So we woke up on Saturday and headed straight to the Farmer’s Market. I wasn’t sure what to expect, since I am very accustomed to the Farmer’s Market back home of just baked goods, flowers, and organic vegetables. But this was completely different. The food market takes place in the courtyard in Temple Bar near the Irish Film Institute: a quaint area ceilinged with large umbrella-like coverings. The possibilities of meals at the food market are endless. You can buy oysters, pork, chili, Indian food, baked goods, health juices and smoothies, olives, organic fruits and vegetables, cheese, jam, crepes, and there’s even a full olive, hummus, and oil bar. You can even have a nice chat with the vendors while doing so. I knew when I walked into the market that I was a fool for not finding this sooner.

            First, I was greeted by traditional Irish music, played by two men in the corner of the market. Their tunes weren’t overpowering or too loud; they added just the perfect touch of Irish culture into the market. Vendors come from all over the country and even Northern Ireland, as one of the baked good vendors is from Belfast. All of the vendors are really interested in their customers and you can tell that the food they make really comes from the heart, as some travel hours to get to the market and will alter their dishes in any way to accommodate their customers dietary needs or personal preferences.

            One of my favorite stands at the food market is the Irish apple stand. There, you can purchase the sweetest and crispiest apples in Ireland. The vendor also sells his own apple cider vinegar, cider, and syrups. I’m from the state of New York, which has some of the best apples in the country (Honeycrip anyone?!?!) , and I’ve found it really difficult making it through the fall without warm apple cider. I was pleasantly surprised when the apple man had at least twenty-gallon containers of apple cider that you can ferment yourself! So many native Dubliners walk into the market and purchase their groceries for the week, including cider that they ferment themselves. I thought this was really interesting and a great alternative to Bulmer’s!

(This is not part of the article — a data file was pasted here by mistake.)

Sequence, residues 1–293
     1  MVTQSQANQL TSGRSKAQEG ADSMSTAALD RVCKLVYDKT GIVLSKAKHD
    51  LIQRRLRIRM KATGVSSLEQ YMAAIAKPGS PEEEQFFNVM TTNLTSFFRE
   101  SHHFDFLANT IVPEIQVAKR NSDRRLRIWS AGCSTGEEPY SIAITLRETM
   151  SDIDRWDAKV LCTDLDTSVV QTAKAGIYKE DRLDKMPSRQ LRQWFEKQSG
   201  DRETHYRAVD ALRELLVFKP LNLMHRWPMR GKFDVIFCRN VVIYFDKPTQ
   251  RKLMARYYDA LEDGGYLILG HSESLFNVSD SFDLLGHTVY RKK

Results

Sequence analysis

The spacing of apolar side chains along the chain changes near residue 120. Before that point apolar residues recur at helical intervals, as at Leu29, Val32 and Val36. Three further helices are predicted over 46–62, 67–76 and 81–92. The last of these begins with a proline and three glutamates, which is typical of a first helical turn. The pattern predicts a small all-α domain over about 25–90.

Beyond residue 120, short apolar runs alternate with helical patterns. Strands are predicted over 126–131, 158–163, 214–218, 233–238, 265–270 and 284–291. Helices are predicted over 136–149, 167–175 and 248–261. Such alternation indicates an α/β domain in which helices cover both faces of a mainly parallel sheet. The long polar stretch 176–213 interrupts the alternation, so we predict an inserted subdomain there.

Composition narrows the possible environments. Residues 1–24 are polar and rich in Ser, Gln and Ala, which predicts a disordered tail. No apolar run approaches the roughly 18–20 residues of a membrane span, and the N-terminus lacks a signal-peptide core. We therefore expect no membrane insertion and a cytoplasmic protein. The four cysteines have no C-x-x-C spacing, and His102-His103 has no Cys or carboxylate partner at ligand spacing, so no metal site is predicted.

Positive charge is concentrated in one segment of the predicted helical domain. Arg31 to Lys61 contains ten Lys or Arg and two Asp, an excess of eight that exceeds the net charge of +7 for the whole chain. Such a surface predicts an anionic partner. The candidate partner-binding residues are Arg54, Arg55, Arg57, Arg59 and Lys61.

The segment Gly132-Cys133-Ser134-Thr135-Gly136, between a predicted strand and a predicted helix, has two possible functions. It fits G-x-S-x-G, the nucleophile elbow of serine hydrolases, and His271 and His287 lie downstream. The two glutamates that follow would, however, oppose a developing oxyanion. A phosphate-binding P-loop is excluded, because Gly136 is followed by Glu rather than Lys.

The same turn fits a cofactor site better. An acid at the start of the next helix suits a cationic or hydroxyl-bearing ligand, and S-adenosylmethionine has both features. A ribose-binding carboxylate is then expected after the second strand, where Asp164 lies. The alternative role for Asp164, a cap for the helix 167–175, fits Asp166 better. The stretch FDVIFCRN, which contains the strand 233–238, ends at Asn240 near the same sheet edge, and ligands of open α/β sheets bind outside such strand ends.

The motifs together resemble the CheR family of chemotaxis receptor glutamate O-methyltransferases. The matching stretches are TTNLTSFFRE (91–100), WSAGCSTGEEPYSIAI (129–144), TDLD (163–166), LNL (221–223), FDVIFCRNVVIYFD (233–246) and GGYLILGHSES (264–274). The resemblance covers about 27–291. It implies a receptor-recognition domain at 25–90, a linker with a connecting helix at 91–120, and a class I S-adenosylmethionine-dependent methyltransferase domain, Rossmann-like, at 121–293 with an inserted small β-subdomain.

I also really enjoyed the cheese stand. The vendor is such a character, as we chatted about where his cheese comes from and how long certain blocks are aged for, he cuts me about five different pieces of cheese, and then 5 bigger pieces for himself. He told me which cheeses are perfect for the holiday dishes coming up, which tastes best on crackers, and what types of wine to taste with each. He also makes his own port and sherry jelly, which I will bring home to my family for Christmas.